Delivering Person-Centered Long-Term Services & Supports

February 02, 2018

Every good care plan starts with the evaluation or assessment. In the past, care plans for LTSS focused on managing symptoms, decreasing hospitalizations, and complying with recommended treatments. Less emphasis was put on the needs, hopes, goals, and preferences of the individual. Today, the Centers for Medicare & Medicaid Services (CMS) emphasizes person-centered care planning that promotes independence and quality of life. As a result, LTSS delivery has shifted towards individuals receiving services in their homes or community versus institutional-based settings.

Why?

  • Beneficiary preference to receive services at home or in their communities
  • Commitment by government policymakers to provide beneficiaries with increased choice
  • Creates efficiencies that drive down costs while promoting independence

From the White Paper: Although less expensive than institutionalized care, HCBS poses a major financial burden

How are HCBS Delivered?

Services are delivered through state-specific HCBS waiver programs that provide beneficiaries and their caregivers assistance with skill development, respite, transportation, and other support services.

How is Eligibility Assessed?

State Medicaid agencies, and their partners, rely on functional assessment tools to make coverage and eligibility decisions and to create individualized care plans. Assessment results are then used to create a person-centered care plan that recognizes individuals’ specific strengths and abilities, and identifies supports needed to achieve more independence.

How is Telligen Different?

Person-Centered: Telligen’s experienced assessors understand the unique needs of the LTSS population, and the importance of employing a person-centered approach approach. This means that from assessment to service delivery, we’re helping individuals drive their own care – from picking their support teams, to indicating likes and dislikes about assessment approaches, to identifying the supports that will help them achieve their goals. Working as collaboratively as possible, we’re helping them carve out opportunities to live productive lives based on their strengths.This person-centered approach isn’t about the needs/goals of family members, providers, or support team. It’s about helping the individuals successfully achieve their defined goals, while remaining as independent as possible, no matter what their age.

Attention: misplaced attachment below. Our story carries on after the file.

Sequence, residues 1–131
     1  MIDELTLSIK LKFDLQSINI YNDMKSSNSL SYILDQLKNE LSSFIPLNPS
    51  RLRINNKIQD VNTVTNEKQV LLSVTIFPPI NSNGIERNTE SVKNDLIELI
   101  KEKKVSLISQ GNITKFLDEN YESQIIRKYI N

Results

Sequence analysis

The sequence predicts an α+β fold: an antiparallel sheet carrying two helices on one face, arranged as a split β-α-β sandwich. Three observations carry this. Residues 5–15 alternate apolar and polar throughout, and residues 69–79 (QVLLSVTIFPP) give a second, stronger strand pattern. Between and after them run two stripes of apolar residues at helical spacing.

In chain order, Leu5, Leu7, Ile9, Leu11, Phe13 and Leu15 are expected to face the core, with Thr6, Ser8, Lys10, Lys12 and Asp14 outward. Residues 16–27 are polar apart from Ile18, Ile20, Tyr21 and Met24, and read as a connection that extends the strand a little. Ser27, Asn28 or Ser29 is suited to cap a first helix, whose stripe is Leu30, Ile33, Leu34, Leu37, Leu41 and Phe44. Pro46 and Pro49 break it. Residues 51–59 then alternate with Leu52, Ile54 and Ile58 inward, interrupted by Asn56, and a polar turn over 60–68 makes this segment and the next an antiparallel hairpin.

Conflict-Free: Telligen offers our state partners a conflict-free case management process free from conflicts of interest. Conflicts arise when interested parties performing assessments and/or developing the care plans opt for convenience and revenue over person-centered care. Our next article will go into more detail about avoiding and recognizing these conflicts of interest.

Experienced: Telligen has more than 35 years’ experience conducting level of care reviews for Medicaid waiver programs, including prior authorizations for waiver services. This experience includes:

  • Managing the varying benefits and eligibility requirements of Medicaid populations in Iowa, Oklahoma, Maryland, and Idaho.
  • Conducting more than 35 training sessions (since 2014) for providers, beneficiaries, family members, case managers, and advocates.
  • Performing more than 25,000 assessments each year for intellectual and developmental disabilities (IDD), physical disabilities, brain injuries, HIV/AIDS, the elderly, and mental health populations

The Reviews:

“I just want to thank you for yesterday. Katy was quite upset by this whole process, and you did a great job of reassuring her. The most challenging part is that she understands she has a disability, but really does not want to have one. She just can’t come to terms with her limitations — especially when  laid out for her in one assessment. It was nice to work with you.” 

“[Telligen assessor] has made this evaluation process very comfortable and understandable. She was very thorough when explaining the purpose of the evaluation, listening, and acknowledging individual needs and circumstances. She demonstrates that she hears them. She asks the questions in a sensitive manner, and allows time for thoughtful, informative responses. She articulates the questions in a way the individual and all team members understand. It was so nice to see a person take a genuine interest in truly wanting to get to know the person.”

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